Clark County Sheriff Jamey Noel visits IUS

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Clark County Sheriff Jamey Noel visits IUS

Clark County Sheriff Jamey Noel talks to the students about the importance of finishing their education and what that means for their job searches.

Clark County Sheriff Jamey Noel talks to the students about the importance of finishing their education and what that means for their job searches.

Ty Simpson

Clark County Sheriff Jamey Noel talks to the students about the importance of finishing their education and what that means for their job searches.

Ty Simpson

Ty Simpson

Clark County Sheriff Jamey Noel talks to the students about the importance of finishing their education and what that means for their job searches.

Ty Simpson, Staff Reporter

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Clark County Sheriff Jamey Noel came to IU Southeast to talk to criminal justice students about his career path and his experience with the A&E program “60 Days In.”

He talked to students in UC 127 on Tuesday, April 12th.

Jennifer Ortiz, assistant professor of criminology and criminal justice, said she invited Noel to speak to criminal justice students, focusing on his experiences in law enforcement and career opportunities in the Clark County area.

“I know Sheriff Noel is a bit of a national celebrity because of ‘60 Days In,’” Ortiz said. “Tonight’s event is meant to focus on network and criminal justice careers.”

Ortiz said she serves on the News and Tribune’s panel, “Inside 60 Days,” where the staff analyzes each week’s episode. Ortiz said the panel takes questions from social media and discusses them.

Noel said he graduated from IU Southeast in 2008 with a bachelor’s degree, and he has served on the police force in southern Indiana for 20 years. He said has held a variety of positions ranging from trooper to undercover detective to sheriff.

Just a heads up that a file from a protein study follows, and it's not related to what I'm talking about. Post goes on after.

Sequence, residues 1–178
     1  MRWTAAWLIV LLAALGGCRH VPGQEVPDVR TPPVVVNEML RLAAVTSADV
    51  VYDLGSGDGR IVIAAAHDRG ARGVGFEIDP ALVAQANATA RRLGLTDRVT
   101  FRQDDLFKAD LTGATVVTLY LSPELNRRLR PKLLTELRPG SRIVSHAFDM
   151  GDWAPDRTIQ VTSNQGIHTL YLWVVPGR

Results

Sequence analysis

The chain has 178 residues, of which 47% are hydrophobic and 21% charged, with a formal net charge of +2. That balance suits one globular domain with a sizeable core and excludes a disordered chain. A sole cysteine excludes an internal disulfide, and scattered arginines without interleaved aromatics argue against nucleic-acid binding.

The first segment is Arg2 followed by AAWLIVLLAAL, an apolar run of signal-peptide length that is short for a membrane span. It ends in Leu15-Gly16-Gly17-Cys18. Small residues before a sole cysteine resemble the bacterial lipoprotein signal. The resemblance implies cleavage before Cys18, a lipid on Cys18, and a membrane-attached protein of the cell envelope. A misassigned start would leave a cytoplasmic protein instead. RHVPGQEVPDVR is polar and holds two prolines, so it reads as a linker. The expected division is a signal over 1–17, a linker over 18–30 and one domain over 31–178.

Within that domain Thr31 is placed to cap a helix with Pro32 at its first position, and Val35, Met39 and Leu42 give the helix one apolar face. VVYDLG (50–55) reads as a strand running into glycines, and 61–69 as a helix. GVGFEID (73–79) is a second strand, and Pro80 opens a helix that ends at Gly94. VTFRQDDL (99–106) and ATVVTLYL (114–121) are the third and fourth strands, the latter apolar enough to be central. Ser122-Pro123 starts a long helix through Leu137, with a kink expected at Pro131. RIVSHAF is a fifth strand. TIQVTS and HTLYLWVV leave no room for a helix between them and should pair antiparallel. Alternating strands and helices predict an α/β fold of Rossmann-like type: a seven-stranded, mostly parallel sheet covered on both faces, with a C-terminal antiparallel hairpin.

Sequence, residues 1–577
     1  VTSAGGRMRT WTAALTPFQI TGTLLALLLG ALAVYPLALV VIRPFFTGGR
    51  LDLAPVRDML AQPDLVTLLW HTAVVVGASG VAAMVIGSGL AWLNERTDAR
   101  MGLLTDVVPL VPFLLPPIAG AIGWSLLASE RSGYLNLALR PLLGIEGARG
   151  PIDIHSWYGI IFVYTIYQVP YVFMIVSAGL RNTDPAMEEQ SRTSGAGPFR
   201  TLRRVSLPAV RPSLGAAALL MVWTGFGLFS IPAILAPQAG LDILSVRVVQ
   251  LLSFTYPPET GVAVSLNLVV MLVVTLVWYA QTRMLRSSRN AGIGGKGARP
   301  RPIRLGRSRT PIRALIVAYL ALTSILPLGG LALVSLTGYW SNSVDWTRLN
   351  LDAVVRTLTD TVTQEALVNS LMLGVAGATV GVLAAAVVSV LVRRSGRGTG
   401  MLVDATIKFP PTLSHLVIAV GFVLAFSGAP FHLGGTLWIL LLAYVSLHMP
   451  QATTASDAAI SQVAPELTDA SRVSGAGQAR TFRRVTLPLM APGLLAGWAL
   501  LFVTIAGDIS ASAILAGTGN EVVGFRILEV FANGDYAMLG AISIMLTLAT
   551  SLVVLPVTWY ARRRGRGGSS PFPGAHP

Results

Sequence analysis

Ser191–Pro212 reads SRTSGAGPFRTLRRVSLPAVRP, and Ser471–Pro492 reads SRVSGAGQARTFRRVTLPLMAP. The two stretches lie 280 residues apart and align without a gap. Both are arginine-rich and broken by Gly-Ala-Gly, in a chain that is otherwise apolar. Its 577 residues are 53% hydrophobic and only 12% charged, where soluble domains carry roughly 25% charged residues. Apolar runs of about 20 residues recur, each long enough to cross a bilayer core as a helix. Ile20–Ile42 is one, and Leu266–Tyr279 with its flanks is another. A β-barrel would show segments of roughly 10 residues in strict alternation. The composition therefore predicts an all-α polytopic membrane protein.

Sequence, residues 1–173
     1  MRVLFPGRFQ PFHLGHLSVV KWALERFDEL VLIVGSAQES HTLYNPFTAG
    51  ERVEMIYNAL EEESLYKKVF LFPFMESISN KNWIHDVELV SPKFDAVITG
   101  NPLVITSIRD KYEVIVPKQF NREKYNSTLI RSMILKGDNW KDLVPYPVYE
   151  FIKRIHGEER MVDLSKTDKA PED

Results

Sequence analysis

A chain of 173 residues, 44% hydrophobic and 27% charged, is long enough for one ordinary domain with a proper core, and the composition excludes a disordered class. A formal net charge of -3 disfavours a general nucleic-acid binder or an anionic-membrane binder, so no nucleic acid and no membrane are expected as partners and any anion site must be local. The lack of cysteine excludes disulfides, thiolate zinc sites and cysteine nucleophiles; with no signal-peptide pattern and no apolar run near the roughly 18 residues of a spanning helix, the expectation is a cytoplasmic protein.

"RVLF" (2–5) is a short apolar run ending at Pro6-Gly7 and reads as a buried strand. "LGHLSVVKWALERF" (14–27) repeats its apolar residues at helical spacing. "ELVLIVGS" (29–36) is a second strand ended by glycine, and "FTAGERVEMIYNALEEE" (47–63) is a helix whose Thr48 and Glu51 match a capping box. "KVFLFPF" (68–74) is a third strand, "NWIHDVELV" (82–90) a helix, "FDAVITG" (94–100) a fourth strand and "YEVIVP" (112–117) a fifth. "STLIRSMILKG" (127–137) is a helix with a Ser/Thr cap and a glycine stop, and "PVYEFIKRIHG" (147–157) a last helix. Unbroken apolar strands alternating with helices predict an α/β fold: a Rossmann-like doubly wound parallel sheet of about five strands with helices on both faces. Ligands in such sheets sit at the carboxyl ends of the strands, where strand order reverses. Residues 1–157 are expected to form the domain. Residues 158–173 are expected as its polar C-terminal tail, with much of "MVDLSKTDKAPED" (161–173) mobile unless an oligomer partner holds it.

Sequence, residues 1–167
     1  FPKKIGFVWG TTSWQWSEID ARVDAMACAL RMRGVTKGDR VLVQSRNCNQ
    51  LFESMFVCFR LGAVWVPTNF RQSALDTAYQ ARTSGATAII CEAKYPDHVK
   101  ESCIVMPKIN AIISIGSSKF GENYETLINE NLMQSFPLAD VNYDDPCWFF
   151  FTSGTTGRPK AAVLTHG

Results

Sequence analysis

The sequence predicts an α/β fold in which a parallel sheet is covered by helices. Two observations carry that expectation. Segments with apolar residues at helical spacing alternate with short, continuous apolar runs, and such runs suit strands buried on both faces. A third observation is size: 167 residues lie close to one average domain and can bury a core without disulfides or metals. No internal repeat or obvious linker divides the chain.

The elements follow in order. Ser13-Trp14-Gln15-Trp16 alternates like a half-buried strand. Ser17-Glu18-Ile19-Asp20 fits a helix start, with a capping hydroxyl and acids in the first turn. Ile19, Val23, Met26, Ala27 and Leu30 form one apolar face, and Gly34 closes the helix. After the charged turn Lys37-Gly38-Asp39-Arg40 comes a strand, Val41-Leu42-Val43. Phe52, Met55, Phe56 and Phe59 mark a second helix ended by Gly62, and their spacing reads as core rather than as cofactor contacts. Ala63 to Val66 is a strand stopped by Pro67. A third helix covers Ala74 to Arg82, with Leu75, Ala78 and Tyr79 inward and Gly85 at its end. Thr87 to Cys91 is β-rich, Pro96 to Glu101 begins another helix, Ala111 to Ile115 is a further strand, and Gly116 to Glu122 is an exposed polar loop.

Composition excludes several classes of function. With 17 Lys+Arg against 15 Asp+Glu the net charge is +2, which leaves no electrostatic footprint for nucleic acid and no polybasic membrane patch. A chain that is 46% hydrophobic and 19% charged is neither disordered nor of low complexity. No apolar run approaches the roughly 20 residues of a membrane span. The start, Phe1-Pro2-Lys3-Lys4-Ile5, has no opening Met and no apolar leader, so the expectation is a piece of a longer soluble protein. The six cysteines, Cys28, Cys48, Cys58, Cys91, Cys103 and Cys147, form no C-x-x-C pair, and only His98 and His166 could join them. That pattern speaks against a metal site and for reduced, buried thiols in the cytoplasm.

Noel said he is head of the Michael L. Becher Adult Correctional Complex in Clark County, where he organized a special undercover program. He said ordinary citizens volunteered and were placed in the jail to live among the prisoners for 60 days.

Noel said this experience was a success and shed light on the life of an inmate, and it gave Noel and corrections officers a peek into the lives of the inmates after they are released.

Jennifer Ortiz, visiting assistant professor of criminology, and her husband talk to Clark County Sheriff Jamey Noel prior to him addressing the students.

Jennifer Ortiz, visiting assistant professor of criminology, and her husband talk to Clark County Sheriff Jamey Noel prior to him addressing the students.

Noel said after the volunteers finished their 60 days in jail, they experienced a variety of symptoms: vomiting, anxiety, sleeplessness and depression. Noel said the correctional system was unaware of the severity of these symptoms in released inmates, and it has since developed programs to help released inmates deal with the symptoms.

“The ‘60 Days In’ program helped us with the knowledge of what these prisoners are going through after they are released and gave us a better understanding of inmate behavior,” Noel said.

Noel said there are three types of people who seek a career in the corrections department: people using it for a stepping stone to law enforcement, people who have a passion for the work and people who seek the government benefits.

Noel said the inmates pick up on the third type of person who isn’t fully committed to their job, and they will try and take advantage of that person.

“The inmates aren’t stupid,” Noel said. “They pick up on these things and try to use it against the corrections officers.”

Noel said students should get the highest level of education they can attain. He said this puts a person in the best possible position to get a job.

“Your education is something that nobody can take away from you,” Noel said.

Before becoming the Clark County sheriff, Noel lost the sheriff election in 2006. He said he blamed his lack of education for his defeat, so he enrolled at IU Southeast to finish his degree.

“All of my shortcomings were no one’s fault but my own,” Noel said.

Clark County Sheriff Jamey Noel responds to a question from students regarding the A&E show 60 Days In.

Clark County Sheriff Jamey Noel responds to a question from students regarding the A&E show 60 Days In.

Noel also said a student’s education level is a good way to separate one individual resume from the pack. He said one invaluable asset to have as a criminal justice student is a minor in a foreign language, particularly Spanish.

“Even the ability to recognize which language the inmates are speaking is beneficial,” Noel said. “If you recognize the language, you can take your phone out and type it in Google Translate. Being able to speak and recognize the language is a huge advantage.”

Noel told students they should also have a backup plan if their law enforcement careers should end quickly.

“God forbid you’re placed in a shoot-don’t-shoot situation and you make the wrong decision,” Noel said. “You’re always one bad decision from losing your job.”

Noel said students should always be thinking of their next career goals, and they should give themselves every advantage possible to achieve them.